R. D’Ovidio, M. Janni, C. Volpi, V. Rocchi
doi: 10.4454/jpp.v92i4sup.342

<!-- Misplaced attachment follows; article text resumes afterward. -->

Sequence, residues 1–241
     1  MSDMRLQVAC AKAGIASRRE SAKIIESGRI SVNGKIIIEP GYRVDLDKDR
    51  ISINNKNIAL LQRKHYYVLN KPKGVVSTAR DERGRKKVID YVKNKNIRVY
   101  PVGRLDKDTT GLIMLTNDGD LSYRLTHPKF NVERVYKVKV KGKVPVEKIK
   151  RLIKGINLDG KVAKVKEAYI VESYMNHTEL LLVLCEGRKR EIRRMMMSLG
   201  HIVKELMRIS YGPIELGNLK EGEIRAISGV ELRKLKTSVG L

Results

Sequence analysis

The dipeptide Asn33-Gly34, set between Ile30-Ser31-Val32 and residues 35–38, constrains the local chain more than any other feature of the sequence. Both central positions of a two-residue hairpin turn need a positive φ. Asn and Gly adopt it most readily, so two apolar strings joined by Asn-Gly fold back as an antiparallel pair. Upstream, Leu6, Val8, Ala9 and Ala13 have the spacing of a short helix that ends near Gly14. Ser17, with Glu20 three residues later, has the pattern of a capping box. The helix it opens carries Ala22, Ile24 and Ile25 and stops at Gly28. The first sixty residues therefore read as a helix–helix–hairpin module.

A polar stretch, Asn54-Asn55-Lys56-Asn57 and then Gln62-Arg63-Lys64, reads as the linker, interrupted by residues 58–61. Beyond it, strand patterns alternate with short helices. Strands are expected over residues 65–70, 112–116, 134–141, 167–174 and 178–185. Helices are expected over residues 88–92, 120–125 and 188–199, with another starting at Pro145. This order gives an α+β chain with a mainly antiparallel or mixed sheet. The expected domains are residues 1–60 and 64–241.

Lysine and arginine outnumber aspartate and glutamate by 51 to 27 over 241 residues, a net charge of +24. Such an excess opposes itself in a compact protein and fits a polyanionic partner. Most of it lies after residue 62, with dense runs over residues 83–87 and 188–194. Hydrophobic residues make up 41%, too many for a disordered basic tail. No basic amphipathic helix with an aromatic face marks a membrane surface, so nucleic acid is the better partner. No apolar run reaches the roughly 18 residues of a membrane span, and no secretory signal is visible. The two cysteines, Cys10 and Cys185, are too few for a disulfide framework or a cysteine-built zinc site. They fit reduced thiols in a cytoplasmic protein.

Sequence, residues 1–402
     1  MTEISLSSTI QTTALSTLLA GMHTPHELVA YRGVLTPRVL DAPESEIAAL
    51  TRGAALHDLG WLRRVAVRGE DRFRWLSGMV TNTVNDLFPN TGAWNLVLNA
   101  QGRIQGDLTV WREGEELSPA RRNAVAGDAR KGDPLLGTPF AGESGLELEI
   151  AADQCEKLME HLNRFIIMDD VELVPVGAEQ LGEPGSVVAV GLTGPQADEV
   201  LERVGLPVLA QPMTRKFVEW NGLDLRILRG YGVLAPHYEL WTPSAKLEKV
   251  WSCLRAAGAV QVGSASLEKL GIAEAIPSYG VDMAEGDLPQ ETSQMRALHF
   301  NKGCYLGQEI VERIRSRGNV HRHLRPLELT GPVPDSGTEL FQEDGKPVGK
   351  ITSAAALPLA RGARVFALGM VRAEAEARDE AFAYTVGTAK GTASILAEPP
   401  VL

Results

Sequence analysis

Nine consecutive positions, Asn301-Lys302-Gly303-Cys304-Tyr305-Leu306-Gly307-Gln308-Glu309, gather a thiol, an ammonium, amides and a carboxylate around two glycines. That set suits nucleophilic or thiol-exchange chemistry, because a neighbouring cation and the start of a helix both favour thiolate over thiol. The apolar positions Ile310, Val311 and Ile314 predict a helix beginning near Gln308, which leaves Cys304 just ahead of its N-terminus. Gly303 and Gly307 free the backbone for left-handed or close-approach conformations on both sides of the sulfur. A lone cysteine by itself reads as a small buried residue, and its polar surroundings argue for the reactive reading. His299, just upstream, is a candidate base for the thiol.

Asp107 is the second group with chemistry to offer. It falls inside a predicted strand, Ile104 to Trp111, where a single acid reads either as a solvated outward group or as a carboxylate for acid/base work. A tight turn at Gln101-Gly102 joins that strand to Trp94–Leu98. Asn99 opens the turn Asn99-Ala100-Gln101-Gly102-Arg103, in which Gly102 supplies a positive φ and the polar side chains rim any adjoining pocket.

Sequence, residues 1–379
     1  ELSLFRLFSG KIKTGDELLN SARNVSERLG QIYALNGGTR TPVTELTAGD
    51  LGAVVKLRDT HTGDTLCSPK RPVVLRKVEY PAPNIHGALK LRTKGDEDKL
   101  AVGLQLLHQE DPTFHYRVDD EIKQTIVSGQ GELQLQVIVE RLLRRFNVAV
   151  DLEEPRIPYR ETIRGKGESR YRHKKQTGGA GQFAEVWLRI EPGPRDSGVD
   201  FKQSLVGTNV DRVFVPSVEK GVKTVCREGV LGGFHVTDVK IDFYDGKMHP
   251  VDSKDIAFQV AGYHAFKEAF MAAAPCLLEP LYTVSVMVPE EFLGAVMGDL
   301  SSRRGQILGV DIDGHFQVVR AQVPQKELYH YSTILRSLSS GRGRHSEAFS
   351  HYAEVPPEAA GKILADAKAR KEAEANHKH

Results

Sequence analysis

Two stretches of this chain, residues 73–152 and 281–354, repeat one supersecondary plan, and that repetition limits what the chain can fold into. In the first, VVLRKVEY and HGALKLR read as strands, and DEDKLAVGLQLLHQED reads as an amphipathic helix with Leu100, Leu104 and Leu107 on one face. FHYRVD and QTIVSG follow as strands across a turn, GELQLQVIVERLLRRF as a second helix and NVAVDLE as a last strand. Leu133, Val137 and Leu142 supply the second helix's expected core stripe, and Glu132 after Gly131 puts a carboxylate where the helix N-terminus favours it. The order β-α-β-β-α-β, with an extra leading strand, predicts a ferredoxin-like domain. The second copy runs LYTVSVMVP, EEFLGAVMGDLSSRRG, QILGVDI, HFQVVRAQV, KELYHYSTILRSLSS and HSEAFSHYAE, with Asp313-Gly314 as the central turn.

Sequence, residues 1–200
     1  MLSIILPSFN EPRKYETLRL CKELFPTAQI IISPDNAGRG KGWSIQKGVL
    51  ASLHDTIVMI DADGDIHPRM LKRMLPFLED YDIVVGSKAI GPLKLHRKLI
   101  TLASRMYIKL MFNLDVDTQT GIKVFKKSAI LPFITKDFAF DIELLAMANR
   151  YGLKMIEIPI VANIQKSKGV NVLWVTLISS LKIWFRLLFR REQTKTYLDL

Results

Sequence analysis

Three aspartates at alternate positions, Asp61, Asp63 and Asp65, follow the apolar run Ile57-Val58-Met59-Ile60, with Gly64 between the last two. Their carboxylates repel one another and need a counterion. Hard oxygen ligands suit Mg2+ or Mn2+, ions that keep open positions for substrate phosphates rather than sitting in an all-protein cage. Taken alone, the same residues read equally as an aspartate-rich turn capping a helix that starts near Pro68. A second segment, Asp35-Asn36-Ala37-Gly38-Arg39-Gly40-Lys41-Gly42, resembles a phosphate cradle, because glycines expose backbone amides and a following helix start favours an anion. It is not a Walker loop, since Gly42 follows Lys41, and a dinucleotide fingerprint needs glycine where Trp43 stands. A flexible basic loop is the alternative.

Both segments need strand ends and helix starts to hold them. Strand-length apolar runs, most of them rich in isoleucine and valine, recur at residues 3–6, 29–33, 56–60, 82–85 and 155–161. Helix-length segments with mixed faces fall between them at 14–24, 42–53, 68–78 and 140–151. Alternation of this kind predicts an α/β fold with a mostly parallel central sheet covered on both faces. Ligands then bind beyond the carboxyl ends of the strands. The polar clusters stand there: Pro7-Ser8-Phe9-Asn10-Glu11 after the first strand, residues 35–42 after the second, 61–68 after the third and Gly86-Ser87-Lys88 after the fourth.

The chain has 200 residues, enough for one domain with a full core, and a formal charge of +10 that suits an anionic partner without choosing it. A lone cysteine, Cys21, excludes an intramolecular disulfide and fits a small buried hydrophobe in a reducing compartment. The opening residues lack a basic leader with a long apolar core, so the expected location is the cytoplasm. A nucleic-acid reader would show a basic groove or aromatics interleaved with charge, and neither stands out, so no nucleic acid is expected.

The development of crop varieties resistant to different pathogens is one of the most attracting perspective in breeding projects aimed at increasing host plant resistance. Since most microbial pathogens need to surmount the plant cell wall to penetrate the host tissue, the reinforcement of this compartment should increase the capacity of the host to resist pathogen attacks. One way to pursue this strategy is the enhancement of the host plant ability to inhibit or reduce the activity of cell wall degrading enzymes (CWDEs) secreted by the pathogens during the penetration and colonization of the host tissue. Polygalacturonases (PGs) are among the first CWDEs secreted by fungal pathogens during infection and in some pathosystems they are virulence factors. PGs are inhibited by the host inhibitors polygalacturonase inhibiting protein (PGIP). Moreover, PGs exhibit a reduced activity towards methylated pectin. Pectin is secreted into the cell wall in a highly methyl-esterified form and subsequently de-esterified in muro by pectin methylesterases (PMEs). Since PME activity is controlled by the pectin methylesterase inhibitor (PMEI), this inhibitor might indirectly play a role in plant defence by limiting the action of PGs secreted by microbial pathogens. By using a transgenic approach we have shown that PGIP or PMEI can endows wheat with new capacities to control the activity of fungal PGs, possibly through a direct interaction or indirectly by modifying the level and pattern of methyl esterification of cell wall pectin. Both modifications have been proven to be effective in limiting fungal disease symptom development.